EVERY Sunday Bulawayo’s industrial area becomes a hive of activity.
But it is not the drones of machines that dominate, rather it is the ceaseless humming of Pentecostal churches singing.
Bulawayo once had a thriving industry, but churches are now the biggest beneficiaries of infrastructure that was built years ago, as the flight of business continues unabated.
Some of the churches that have taken over buildings of companies in Bulawayo include Prophet Emmanuel Makandiwa’s United Family International Church along Josiah Chinamano Road in Belmont and 15th Avenue.
The church took over a building of one of the city’s biggest textile companies, Textile Mills, which employed hundreds of workers during its operation, but now it has been converted into a church with a capacity of
3 000 people.
Textile Mills shut down after it was operating at low capacity owing to lack of funds and had even applied for the Distressed Industries and Marginalised Areas Fund to no avail.
Another Pentecostal church, the Revelation Church of God — at Kelvin industrial area in Nkulumane suburb — recently took over the premises of wholesale Goveya Enterprises.
A shop operating along 14th Avenue was converted to a worship place by Cenacle of the Holy Spirit church.
The business community has condemned the use of business premises by churches in the city, describing the situation as a tragedy that has prevented any initiative to revive industry in Bulawayo.
Matabeleland Business Association secretary-general Richard Ndlovu told Southern Eye on Friday that it was not right that property for production was used as place of worship.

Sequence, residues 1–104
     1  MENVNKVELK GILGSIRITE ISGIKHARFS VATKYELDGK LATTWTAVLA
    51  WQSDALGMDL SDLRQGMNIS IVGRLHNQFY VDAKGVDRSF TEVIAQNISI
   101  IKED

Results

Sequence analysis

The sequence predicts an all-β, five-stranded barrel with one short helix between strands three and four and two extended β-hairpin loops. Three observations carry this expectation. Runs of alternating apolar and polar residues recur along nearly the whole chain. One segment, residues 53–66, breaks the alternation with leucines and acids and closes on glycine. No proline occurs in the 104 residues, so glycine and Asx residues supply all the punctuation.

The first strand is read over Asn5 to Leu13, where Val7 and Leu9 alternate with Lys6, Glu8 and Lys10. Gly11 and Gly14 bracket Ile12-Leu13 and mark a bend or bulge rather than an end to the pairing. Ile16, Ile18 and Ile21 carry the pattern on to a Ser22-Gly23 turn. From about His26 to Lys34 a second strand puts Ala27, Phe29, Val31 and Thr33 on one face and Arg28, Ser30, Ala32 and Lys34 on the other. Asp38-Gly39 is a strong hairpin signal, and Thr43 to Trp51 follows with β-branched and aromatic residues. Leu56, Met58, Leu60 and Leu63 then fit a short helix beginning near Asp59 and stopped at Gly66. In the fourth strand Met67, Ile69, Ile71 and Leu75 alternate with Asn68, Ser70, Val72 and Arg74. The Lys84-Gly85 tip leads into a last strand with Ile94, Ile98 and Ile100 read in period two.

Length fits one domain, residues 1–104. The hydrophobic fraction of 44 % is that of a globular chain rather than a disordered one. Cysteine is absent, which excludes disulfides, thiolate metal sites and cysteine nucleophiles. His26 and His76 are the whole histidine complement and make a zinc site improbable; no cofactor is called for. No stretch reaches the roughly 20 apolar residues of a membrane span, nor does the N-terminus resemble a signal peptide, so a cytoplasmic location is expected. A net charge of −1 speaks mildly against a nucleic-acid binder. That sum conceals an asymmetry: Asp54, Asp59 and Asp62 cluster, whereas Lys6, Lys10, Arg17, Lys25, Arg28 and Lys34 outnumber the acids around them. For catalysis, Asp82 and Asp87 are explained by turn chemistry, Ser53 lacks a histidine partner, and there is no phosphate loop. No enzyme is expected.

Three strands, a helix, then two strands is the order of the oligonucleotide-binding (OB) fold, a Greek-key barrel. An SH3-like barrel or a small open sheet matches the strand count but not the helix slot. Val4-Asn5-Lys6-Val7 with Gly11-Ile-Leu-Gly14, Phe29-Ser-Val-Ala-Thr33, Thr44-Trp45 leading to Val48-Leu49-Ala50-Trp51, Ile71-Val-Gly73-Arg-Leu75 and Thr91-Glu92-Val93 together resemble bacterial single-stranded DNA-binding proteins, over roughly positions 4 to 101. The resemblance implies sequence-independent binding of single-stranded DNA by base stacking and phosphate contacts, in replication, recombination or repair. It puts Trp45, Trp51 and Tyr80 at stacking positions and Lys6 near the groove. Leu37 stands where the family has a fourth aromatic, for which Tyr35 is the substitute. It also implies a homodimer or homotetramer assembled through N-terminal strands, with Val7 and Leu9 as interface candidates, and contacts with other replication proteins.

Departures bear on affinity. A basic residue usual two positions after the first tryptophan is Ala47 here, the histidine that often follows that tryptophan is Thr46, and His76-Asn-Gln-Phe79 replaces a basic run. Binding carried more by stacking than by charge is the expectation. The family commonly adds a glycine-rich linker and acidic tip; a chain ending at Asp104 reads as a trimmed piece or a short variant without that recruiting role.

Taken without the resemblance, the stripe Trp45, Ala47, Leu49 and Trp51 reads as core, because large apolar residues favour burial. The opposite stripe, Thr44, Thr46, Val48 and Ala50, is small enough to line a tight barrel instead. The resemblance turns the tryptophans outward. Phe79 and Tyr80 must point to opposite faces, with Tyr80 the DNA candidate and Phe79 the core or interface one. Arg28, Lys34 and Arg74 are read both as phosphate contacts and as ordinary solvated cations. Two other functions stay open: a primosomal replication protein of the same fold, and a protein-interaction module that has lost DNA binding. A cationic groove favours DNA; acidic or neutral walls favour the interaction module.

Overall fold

“Those buildings are supposed to be places of production and should be revived,” he said.
“If stakeholders work together and set adequate financial structures for the companies, they will be empowered.”
In May this year, the Zimbabwe Congress of Trade Unions western region chairman Reason Ngwenya described the economic situation in Bulawayo as a tragedy, with churches taking over vacant industrial premises.
He appealed to all the Members of Parliament to assist with policies which could revive industries in Bulawayo.
In February last year, Industry and Commerce minister Welshman Ncube expressed concern over the turning of factories into houses of worship when the government was trying to revive them.
Ncube said there was obviously a problem when industrial premises were being turned into religious places and indicated he hoped that industries would soon be revived so that such practices would be reversed.
Christian Alliance director Useni Sibanda apologised on behalf of churches occupying industries, saying instead of them using former factories for church services, they must focus on working towards reviving them.